TORONTO — Timber company Sino-Forest and several of its top executives defrauded investors, misled investigators and "engaged in deceitful or dishonest conduct,'' the Ontario Securities Commission ruled in one of Canada's largest corporate fraud cases.
In a nearly 300-page decision released Friday, the regulator said the company and former CEO Allen Chan, as well as Albert Ip, Alfred Hung and George Ho defrauded investors by overstating the now defunct company's timber assets and revenue.
Allegations of fraud against Simon Yeung were dismissed, but the regulator concluded he misled staff during their investigation.
The investigation into Sino-Forest was triggered in 2011 when short seller Carson Block of Muddy Waters Research published a scathing report accusing the company of exaggerating its assets and fabricating sales transactions in what amounted to "a multibillion-dollar Ponzi scheme.''
"We applaud the OSC for persisting through an undoubtedly complex investigation and hearing to see that justice is served,'' Block wrote in an email Friday.
"It's important to remember that our report was initially quite controversial and met with a good deal of hostility — at a time when the freedom of speech is under threat, this outcome is a reminder of the value of critical voices and freedom of expression.''
The former executives now face the possibility of being permanently banned from Canada's capital markets, or fined up to $1 million for each failure to comply with Ontario securities law.
A separate hearing on sanctions and costs has not been set.
Once the most valuable forestry company on TSX
Chan's lawyer, Emily Cole, said her client was disappointed and would be going over the decision. Stephen Wortley, a lawyer for Ip, Hung, Ho and Yeung, said he was also reviewing the decision and declined further comment.
Sino-Forest, which was established in 1994, was once the most valuable forestry company listed on the Toronto Stock Exchange. Although it was based in Ontario, the company conducted most of its business in China until it collapsed in 2012.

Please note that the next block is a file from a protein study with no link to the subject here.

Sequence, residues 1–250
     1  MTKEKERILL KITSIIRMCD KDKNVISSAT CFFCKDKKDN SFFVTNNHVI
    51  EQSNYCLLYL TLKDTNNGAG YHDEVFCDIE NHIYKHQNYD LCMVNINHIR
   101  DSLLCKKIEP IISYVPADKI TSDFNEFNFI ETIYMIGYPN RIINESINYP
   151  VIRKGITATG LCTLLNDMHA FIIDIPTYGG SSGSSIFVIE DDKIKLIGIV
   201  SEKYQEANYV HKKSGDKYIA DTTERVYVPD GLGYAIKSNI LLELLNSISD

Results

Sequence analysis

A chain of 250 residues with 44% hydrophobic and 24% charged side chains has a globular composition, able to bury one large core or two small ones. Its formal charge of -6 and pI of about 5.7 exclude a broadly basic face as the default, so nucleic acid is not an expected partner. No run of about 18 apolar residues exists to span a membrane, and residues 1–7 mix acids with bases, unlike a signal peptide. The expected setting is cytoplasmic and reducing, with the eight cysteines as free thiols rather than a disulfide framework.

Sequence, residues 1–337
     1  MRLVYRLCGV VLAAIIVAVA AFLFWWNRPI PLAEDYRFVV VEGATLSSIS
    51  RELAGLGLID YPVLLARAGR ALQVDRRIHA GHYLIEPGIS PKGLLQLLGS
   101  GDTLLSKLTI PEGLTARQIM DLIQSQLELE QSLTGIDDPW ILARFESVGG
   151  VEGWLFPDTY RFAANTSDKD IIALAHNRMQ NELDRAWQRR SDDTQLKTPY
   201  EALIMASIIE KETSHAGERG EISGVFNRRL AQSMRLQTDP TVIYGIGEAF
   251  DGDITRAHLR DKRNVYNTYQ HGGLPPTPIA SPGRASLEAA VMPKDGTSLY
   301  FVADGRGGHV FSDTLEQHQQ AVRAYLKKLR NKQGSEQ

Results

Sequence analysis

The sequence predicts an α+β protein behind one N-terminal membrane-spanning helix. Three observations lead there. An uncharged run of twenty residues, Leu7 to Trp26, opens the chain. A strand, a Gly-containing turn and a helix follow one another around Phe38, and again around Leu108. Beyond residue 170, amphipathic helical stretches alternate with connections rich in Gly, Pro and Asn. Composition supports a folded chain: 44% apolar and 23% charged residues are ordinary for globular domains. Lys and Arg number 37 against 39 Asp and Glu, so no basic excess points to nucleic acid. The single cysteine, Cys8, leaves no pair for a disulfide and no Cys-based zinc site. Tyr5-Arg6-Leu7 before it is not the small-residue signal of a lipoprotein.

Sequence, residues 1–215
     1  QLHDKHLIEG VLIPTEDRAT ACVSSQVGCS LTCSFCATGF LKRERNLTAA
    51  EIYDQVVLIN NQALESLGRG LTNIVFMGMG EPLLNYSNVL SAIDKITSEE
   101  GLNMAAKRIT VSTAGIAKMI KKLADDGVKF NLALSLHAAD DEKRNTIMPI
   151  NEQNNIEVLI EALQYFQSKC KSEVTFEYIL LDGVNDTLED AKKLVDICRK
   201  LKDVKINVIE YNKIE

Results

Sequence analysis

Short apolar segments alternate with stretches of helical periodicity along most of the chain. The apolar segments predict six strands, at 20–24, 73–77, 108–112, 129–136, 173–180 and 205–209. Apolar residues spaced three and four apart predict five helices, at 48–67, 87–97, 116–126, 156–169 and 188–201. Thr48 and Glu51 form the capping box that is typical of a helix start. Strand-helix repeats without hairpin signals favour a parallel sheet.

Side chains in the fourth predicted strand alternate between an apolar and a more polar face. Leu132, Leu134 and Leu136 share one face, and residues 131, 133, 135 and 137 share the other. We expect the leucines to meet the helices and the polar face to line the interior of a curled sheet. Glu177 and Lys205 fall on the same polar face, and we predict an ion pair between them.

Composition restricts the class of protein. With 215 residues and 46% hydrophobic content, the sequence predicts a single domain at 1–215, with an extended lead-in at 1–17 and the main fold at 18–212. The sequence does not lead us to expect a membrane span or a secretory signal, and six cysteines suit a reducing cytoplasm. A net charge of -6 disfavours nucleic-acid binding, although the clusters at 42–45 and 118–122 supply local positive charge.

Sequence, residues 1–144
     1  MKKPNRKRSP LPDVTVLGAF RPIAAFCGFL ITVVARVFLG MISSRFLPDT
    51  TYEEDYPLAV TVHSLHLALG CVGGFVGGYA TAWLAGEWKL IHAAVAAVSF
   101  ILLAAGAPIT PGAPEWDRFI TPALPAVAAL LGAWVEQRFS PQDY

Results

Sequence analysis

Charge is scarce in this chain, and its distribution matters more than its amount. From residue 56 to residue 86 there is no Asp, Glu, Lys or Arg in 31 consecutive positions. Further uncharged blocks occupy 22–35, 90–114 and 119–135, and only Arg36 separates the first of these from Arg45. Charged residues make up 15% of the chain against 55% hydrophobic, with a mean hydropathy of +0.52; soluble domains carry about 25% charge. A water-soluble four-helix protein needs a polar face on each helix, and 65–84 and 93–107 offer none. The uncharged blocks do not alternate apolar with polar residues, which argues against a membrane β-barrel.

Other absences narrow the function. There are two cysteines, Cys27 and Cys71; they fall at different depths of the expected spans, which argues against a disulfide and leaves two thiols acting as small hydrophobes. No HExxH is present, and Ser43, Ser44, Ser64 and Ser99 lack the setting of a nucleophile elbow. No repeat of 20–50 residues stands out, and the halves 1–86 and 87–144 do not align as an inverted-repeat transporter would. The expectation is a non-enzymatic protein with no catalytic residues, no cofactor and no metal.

The decision by the OSC follows the settlement of several lawsuits by investors in connection with the case.
In 2015, several Canadian banks and other financial institutions that helped the company raise millions on the financial markets agreed to a $32.5-million settlement in a class-action lawsuit filed by investors who lost money.
David Horsley, former chief financial officer of Sino-Forest, also agreed to pay $6.3 million to the OSC and to settle class-action lawsuits in 2014, while Sino-Forest's former auditor, Ernst & Young, agreed to a $117-million class-action settlement with investors in 2013.
The case against Sino-Forest and its former executives was one of the most complicated cases in the Ontario Securities Commission's history.
"Today's decision on the merits is an important milestone in a complex, multi-jurisdictional case that spanned close to 200 hearing days and involved over 2,000 exhibits,'' the commission said in a statement.
The hearing heard testimony from several witnesses from China over video conferencing and with the assistance of translators. There were more than 170 hearing days, 22 witnesses and over 22,000 pages of transcripts.
Defence lawyers for the executives had argued that what the OSC called fraud were simply mistakes made by a fast-growing company. They also said that behaviours that may seem strange in a Canadian context were typical business customs in China.
But the commission said Sino-Forest was listed on the TSX, was an Ontario reporting issuer, raised US$3 billion from investors, and was required to issue financial statements prepared in accordance with Canadian standards.
"Ontario securities law is paramount and overrides any explanations for illegal conduct being excusable in the name of guanxi, however it is defined,'' the commission said in its decision, using a Chinese term that refers to a network of influential relationships that help facilitate business dealings.
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